One of the most important things to know when calculating your Spell Save DC is your Spellcasting Ability Modifier. Your Spellcasting Ability Modifier varies depending on what class you’re playing. Bards, Paladins, Sorcerers, and Warlocks rely on Charisma for their Spellcasting Ability Modifier.
Clerics, Druids, and Rangers rely on their Wisdom to cast spells. Arcane Trickster Rogues, Bloodhunters, Eldritch Knight Fighters, and Wizards rely on Intelligence as their Spellcasting Ability Modifier.
Now that you have the basics of your Ability Modifier, you can figure out what your Spell Save DC will be. The Spell Save DC is always 8 + Your Spellcasting Ability Modifier + Your Proficiency Bonus.
On the rare occasion, you may be able to add a special modifier to this Spell Save DC, though this will usually depend on any magic items that you’re wearing or any weapons that you’re wielding. The description of these items should let you know if it raised your Spell Save DC.
How your Spell Save DC Works
So, you have the number of your Spell Save DC, but you’re not quite sure how it works or when it’s used. If you’re using an Area of Effect spell, your Spell Save DC comes into effect.
Spells like Fireball and Call Lightning require a Dexterity save to minimize the damage taken. For this, your Spell Save DC becomes the target DC they either need to meet or exceed to succeed on their roll.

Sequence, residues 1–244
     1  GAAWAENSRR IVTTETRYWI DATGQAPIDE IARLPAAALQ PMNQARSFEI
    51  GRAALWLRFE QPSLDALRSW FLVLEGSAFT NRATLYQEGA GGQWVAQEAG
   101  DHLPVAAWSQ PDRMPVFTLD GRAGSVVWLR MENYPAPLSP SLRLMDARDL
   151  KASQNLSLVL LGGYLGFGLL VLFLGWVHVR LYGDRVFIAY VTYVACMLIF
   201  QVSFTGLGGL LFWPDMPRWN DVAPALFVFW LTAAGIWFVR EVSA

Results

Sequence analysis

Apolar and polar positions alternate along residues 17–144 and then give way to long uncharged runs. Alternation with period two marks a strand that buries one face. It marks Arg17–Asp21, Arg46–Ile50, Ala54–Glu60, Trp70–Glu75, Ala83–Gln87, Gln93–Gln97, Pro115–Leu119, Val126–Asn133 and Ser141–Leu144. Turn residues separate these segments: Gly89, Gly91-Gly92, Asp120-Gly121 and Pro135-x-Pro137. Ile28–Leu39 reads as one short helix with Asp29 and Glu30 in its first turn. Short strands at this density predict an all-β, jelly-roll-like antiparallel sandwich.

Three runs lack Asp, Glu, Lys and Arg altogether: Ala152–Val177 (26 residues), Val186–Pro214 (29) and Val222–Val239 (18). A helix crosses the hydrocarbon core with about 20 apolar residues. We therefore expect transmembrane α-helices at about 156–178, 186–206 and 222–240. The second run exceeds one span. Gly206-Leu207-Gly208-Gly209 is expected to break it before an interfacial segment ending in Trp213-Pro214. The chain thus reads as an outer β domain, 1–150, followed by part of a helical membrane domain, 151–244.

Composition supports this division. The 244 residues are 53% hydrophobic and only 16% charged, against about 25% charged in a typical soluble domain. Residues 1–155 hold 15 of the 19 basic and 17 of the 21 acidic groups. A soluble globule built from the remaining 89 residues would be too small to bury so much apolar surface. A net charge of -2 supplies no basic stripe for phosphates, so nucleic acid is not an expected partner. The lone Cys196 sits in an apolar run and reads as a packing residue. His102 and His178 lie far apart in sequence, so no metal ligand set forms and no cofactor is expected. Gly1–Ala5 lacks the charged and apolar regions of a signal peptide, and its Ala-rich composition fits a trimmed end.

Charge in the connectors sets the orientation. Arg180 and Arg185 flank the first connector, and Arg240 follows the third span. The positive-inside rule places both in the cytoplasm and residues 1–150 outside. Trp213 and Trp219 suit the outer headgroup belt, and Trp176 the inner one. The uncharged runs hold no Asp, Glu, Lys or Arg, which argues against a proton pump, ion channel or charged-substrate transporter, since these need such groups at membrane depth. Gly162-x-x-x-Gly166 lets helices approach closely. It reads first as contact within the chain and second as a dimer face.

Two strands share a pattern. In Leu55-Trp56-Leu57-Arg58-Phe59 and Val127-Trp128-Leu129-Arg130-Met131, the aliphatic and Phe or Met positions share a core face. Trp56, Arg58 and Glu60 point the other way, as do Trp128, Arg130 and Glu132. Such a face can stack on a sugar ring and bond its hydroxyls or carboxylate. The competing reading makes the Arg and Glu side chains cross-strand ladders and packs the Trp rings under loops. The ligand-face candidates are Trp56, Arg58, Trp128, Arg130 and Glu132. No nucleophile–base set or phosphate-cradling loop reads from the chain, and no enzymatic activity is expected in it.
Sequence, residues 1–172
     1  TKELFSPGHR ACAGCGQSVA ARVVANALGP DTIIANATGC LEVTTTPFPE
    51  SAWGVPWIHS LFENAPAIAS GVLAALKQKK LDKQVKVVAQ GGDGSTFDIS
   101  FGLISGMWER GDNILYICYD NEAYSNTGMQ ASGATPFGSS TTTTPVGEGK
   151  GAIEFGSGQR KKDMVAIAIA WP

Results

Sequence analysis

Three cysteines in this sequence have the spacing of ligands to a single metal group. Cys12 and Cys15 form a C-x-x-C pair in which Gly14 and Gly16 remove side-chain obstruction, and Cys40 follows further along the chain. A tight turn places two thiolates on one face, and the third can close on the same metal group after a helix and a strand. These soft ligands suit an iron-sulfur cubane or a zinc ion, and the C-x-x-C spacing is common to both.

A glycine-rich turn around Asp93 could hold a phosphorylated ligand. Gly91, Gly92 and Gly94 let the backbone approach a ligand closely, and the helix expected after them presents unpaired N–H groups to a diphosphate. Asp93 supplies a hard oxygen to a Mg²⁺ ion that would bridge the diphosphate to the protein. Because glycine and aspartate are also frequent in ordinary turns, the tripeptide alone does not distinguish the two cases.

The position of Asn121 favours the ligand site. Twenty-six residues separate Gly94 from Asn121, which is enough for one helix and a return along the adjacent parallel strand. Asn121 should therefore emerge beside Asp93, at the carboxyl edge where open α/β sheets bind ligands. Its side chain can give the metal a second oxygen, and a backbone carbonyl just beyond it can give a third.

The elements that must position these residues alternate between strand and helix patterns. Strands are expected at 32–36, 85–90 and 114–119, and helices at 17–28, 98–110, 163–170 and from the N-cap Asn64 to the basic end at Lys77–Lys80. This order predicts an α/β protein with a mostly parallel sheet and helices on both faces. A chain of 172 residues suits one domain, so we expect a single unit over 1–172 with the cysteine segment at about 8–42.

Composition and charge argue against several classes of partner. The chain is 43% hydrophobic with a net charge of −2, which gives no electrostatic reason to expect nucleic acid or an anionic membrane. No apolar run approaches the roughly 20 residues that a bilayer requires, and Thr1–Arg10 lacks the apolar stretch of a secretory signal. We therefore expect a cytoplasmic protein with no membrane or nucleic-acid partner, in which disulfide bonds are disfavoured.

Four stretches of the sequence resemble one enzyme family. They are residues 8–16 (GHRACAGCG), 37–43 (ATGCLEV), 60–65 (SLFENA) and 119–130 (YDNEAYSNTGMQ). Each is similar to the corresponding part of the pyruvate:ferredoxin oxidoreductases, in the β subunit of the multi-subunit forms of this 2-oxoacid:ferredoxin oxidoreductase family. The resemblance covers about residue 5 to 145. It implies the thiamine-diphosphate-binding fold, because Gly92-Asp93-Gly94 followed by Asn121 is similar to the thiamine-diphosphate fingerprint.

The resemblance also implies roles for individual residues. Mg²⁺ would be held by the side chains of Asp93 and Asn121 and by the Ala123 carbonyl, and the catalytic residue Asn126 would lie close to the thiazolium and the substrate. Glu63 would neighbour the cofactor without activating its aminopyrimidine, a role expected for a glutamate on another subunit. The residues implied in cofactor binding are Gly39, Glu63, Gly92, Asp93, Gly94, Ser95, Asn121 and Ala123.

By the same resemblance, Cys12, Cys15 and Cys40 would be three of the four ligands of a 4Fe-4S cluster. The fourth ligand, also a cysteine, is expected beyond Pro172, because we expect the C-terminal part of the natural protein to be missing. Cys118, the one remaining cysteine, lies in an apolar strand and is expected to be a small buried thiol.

Meeting the DC
When meeting a DC, also known as matching it, the person who succeeds is usually the “runner,” or whoever has to roll. This is the same rule as meeting an AC, as laid out in the Player’s Handbook in Chapter Nine for the Attack section.
If the AC is met or exceeded, then the attack succeeds. If a DC is met or exceeded, then the Save is successfully made.
The Types of Spells
As previously mentioned, spells that require your enemies to make a saving throw, generally Area of Effect damage spells, will contest your Spell Save DC. However, AoE damage spells are not the only types of spells that require saving throws.
Other spells that affect someone’s mind or how they perceive the world around them require saving throws, and so do spells that inflict a “status” on the target.
Spells like Fireball and Call Lightning are AoE damage spells, requiring physical saving throws – Dexterity or Strength. In the case of those two spells, they both require a Dexterity saving throw against your Spell Save DC.
Other spells, like Charm Person and Major Image, mess with someone’s mind and perception of reality. These spells require mental saving throws like Charisma, Wisdom, and Intelligence. Charm Person specifically requires a Wisdom saving throw against your Spell Save DC.
Major Image, on the other hand, requires that the target make an Investigation check, rather than a saving throw, to see through the illusion. This still, however, contests your Spell Save DC.
Status Spells like Blindness/Deafness usually require a Constitution saving throw to overcome the effect. This Constitution saving throw contests your Spell Save DC.
On a success, they completely overcome the effect and are not partially affected by it, like Fireball or Call Lightning would give partial damage.
Can You Raise your DC?